Tuesday, May 27, 2008

Twitter vs FriendFeed: Conversation vs Convenience?

Twitter has been suffering growing pains in recent days and weeks. Outages aplenty.

I noticed they are trying to control things by switching off some functionality from time to time. And what they choose to switch off indicates what they see of least value.

When times are hard, it is the archive, of previous posts, and direct messaging which get booted out.

Turning off the archive shows that they recognise the primary importance of synchronous communication. You might be interested in what someone said in the past, or what they were asking about in the past, but you can respond less effectively now than you could at the time the request or share was made. Twitter gets that; being prepared to drop anything to assist with a community of purpose is high on the list of useful value creating stuff.
Dropping IM's indicates they also understand that closed communications have less value than open.

This thinking pervades twitter and drips from its architecture.
They are all about the current, right now conversation and connecting people.

Blogs were described by Doc Searls as the best example of the sovereign self. Twitter (distributed microblogging), imho is the best example of our communal selves.

, surely makes that conversation even more communal, with its aggregation and friend-of-a-friend/fuzzy-edged groups form of sharing and distribution?

No wonder some tout it as the next-gen twitter. But I wonder if it is more about convenience than conversation?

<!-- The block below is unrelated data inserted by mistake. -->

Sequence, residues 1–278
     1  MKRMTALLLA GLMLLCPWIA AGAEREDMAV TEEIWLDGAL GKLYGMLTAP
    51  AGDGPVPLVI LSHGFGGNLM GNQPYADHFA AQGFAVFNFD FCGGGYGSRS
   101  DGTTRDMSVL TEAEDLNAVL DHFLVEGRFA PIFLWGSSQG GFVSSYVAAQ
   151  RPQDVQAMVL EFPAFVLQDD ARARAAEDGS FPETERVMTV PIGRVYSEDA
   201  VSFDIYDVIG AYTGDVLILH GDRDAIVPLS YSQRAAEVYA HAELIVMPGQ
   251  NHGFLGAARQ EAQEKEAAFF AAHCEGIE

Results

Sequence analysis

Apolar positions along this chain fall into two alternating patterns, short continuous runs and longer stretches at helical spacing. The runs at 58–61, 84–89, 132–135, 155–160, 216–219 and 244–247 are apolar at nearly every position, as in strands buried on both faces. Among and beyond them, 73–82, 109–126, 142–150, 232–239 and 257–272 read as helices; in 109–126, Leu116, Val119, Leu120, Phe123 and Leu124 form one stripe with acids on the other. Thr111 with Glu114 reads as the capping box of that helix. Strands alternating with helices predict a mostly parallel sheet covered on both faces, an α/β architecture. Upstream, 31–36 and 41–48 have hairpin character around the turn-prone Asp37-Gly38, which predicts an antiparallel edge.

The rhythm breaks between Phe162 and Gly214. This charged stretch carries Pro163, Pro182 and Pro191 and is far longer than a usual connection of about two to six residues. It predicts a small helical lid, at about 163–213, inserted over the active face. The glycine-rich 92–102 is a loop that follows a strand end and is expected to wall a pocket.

Some have described FriendFeed (and I'll add links when I have more time - sorry) as distributed conversation.
I'm not clear that's delivered. At least it isn't delivered in the right-now and in one place synchronous way that twitter values so highly.

What FriendFeed does deliver is the convenience of compiling and redistributing huge amounts of an individual's metadata.

Not only do you get to see what I'm 'doing' on twitter, you also see the feeds I'm reading on googlereader, or videos I post on youtube, or images on flickr etc etc.

So now there's even more reasons for conversations to start.
More metadata on show to each other means more opportunities for us to find we share a right-now purpose and act on it. (Communities of Purpose are the Business Units of the 21s century).

All good. But there's a risk in distributing the conversation. Where ever you follow the flag to, that's where the conversation risks being taken - and silo'd.

Twitter's value is in keeping the conversation open, visible, synchronous and consistent.

Friendfeed is a useful broadcast of our metadata - and potentially a step towards us becoming the url. The key will be connecting the conversations in a coherent human-focused way.

Right now the conversation is at risk of being disrupted more than distributed.

So I'll happily broadcast my metadata through FriendFeed, and have others broadcast their metadata at me, but when the conversation flags are raised where will the conversation be hosted which creates most value for all parties.

For this post, I'm hoping it'll be right here. If FriendFeed were to offer me that control...

More questions than answers I'm afraid.


The rate of change is so rapid it's difficult for one person to keep up to speed. Let's pool our thoughts, share our reactions and, who knows, even reach some shared conclusions worth arriving at?